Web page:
In the past, this website featured the work of Bill Duncan. Bill’s comics at that time, were Monster Hollow, Japanimation, FIST, and Picture Story Theatre.
I had just graduated from the elementary school with high flying grades so I asked my parents to let me shop for my first junior high school outfit on my own. Then out of the blue, dad came up with a dunk tank challenge idea. The rules were that dad takes the suspended seat first and I aim twice and if I missed the target, we would change positions and he aims once.
This cycle was to continue until either of us hit the target. If I dunked dad first then I’d go shopping alone but if he did, I would still do the shopping but under his supervision. Finally, an artist was to make caricatures of the entire funfair, an arrangement that would eventually change the way I perceive comics for the rest of my life.
I was only thirteen but overly full of myself after topping my class. So I took the challenge just to show dad I was no longer a boy but a grown man. This was actually the sole purpose I wanted to shop my stuff by myself in the first place. I took my first throw but unfortunately I missed, with my shot landing just less than two feet off target. I didn’t want to let dad win so I had to adjust accordingly. Needless to say, I missed again. This time by a whisker but it didn’t matter anyway. My only hope at this point was that dad would miss too especially given that he would only aim once but he didn’t.
For a moment I hated dad for being so accurate but I consoled myself by the thought that for the first time, I wouldn’t go shopping with my mom who dictated what I wore ever since I was born. Although this was not all that I wanted, the change was good enough for me. Maybe dad had figured it out earlier which is why he kept mom at bay whichever way our challenge ended.
I disliked the idea of my own caricatures made when I was dripping wet from the dunk tank but I was taken aback when I saw them. The caricatures were the greatest pieces of art I ever saw. Of course some exaggerations of my face when I got out of the tank were awful but my envy for the artistry superseded my hatred for the turn of events. From then on, I developed an immense interest in comics. I wanted to be capable of drawing cartoons and making caricatures of a similar quality.
Suddenly, comics became everything to me.
I remember what dad once told me when I asked him how I could determine my own passion. He said that my passion was that which I would enjoy doing everyday even without pay. For example, an occupation for which I would get psyched up to start work each morning and only return home at the close of business with great reluctance.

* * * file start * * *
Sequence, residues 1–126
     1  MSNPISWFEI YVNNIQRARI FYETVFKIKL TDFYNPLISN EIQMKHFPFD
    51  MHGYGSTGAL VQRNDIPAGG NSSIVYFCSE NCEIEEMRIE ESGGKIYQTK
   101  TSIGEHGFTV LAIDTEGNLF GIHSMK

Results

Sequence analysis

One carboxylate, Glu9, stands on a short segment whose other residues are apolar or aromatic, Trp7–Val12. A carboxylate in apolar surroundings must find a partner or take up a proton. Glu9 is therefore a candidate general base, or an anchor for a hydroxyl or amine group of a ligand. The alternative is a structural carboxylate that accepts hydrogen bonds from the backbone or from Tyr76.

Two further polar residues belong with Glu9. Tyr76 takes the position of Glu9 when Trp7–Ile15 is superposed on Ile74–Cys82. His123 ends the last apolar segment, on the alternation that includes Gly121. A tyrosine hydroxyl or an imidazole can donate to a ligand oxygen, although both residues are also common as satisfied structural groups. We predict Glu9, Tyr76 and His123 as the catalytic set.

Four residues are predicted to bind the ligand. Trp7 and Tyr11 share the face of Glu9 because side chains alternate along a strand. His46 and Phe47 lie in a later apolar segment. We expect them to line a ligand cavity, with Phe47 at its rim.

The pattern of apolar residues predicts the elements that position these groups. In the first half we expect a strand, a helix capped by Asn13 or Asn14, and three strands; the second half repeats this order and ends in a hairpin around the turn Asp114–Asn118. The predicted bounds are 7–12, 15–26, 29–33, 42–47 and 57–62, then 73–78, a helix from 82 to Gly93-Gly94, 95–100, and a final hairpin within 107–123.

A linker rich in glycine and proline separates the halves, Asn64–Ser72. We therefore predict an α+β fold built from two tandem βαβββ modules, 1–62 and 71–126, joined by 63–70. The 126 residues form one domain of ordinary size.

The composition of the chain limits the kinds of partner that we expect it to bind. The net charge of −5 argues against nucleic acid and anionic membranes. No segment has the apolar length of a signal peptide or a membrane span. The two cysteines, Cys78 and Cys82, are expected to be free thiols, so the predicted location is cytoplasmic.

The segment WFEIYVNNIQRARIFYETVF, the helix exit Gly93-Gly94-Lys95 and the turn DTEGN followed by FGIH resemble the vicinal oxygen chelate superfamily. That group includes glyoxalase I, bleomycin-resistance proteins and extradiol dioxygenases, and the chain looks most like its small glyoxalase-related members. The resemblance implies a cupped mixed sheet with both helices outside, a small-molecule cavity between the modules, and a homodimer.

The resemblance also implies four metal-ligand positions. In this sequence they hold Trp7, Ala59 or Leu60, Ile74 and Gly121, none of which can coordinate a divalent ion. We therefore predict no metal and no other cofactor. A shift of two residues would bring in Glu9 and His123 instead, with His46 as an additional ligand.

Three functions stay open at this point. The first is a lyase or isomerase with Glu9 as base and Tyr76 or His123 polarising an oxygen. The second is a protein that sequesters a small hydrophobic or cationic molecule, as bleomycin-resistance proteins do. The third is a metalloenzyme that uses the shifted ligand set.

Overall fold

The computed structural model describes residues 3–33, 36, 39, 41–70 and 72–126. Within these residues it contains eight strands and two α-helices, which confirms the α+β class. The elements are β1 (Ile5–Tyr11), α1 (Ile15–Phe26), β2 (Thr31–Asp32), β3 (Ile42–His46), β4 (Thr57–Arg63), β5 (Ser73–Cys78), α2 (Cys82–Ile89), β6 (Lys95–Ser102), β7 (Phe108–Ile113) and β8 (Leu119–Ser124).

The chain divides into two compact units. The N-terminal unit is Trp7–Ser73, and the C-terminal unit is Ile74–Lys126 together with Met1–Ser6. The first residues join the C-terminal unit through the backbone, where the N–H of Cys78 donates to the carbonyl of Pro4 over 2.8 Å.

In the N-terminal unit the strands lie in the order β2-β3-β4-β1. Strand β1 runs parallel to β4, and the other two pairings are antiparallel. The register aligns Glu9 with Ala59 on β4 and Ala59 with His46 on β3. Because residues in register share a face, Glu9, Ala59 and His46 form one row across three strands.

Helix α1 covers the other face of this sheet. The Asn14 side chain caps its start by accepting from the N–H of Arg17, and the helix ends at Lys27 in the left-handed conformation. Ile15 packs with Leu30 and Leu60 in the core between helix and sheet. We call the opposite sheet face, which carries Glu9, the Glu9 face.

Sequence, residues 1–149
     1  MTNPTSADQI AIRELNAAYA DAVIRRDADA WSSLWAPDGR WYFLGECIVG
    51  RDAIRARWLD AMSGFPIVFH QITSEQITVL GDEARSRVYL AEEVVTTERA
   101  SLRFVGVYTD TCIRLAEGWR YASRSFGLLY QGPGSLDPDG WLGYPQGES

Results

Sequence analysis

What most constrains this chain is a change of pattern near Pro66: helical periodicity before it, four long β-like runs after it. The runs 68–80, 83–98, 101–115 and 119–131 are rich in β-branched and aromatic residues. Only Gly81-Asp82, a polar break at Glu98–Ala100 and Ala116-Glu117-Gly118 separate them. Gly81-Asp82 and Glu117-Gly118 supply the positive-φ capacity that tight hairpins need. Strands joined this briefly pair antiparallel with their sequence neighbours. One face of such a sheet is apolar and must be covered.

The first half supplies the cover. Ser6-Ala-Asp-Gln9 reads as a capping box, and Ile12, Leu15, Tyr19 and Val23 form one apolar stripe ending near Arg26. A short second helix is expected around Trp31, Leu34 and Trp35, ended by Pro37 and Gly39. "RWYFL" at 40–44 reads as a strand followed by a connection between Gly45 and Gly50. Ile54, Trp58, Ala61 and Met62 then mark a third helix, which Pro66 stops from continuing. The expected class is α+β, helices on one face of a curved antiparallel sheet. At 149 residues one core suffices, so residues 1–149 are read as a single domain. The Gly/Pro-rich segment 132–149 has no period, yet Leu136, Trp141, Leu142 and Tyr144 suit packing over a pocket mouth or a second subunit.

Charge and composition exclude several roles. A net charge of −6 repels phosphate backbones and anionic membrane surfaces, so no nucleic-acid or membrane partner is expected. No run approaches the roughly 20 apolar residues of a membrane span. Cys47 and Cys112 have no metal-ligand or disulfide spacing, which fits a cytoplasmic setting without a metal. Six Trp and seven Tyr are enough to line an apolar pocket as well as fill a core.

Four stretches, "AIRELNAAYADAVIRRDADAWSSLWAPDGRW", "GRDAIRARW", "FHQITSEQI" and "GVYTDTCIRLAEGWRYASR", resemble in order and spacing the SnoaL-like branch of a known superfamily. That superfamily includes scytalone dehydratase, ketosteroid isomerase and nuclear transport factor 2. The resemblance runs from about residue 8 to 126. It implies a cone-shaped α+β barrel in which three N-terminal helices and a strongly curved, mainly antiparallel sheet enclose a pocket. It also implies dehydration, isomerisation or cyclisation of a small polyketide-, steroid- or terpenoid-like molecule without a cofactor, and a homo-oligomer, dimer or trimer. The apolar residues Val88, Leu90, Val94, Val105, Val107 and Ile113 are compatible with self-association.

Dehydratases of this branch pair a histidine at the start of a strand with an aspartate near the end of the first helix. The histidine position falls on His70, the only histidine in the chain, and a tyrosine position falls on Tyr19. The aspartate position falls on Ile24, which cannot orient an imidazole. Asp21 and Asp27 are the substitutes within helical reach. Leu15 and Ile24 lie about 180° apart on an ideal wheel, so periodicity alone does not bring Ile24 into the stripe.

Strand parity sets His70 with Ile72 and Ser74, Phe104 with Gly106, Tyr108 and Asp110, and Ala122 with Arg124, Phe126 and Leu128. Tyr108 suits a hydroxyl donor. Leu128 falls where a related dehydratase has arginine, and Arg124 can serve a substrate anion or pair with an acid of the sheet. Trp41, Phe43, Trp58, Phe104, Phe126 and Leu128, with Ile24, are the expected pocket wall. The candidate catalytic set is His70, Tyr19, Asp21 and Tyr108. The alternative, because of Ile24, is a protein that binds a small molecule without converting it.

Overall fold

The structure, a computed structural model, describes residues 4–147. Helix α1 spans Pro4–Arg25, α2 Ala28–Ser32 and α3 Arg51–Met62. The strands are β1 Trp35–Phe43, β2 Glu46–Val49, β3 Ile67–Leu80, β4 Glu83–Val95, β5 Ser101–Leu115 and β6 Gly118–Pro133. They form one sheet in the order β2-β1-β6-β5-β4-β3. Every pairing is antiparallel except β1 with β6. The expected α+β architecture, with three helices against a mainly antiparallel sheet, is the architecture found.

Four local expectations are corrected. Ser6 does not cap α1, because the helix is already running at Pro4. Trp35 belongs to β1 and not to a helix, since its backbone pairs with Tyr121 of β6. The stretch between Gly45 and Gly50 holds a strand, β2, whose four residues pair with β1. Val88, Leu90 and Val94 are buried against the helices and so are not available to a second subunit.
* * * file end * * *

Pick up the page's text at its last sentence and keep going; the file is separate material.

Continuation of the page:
By the time he told me this I thought it was a big joke probably because I couldn’t figure out anything that I loved that much at the moment. At long last, dad’s sentiments made sense. I believed I just discovered my passion which I had to pursue.
Writing a comic story line was the first thing I attempted. My intention was to eventually make it a comic book. After toiling and moiling over it inside closed bedroom doors for three consecutive nights, I finally lost hope when I read what I had written so far and found it horrible by my own gauge.
I knew I could horn my skills and work my way up but the fact that my starting point was pathetic blew my hopes away. I then tried drawing cartoons and the outcome was worse. I had to give up due to the glaring truth that I lacked talent, even a shred of it.
I soon realized that comics had become more of an obsession to me rather than a passion. Even after throwing in the towel about becoming a professional comic artist, I still wanted to read more comic books, comic strips and anything comic. It was already flowing in my blood and even today, three decades later, stopping is out of question.
I have since become a great fan of Matt Fraction, Jeff Lemire and Brian Vaughan for their amazing authorship of comic books. To date, I have traveled to over forty states of the U.S. just to quench my thirst for comics. The most recent comic shows I attended were Mac King’s Show in Las Vegas, Collin Quinn’s Show in New York and the Last Comic Standing in New Orleans.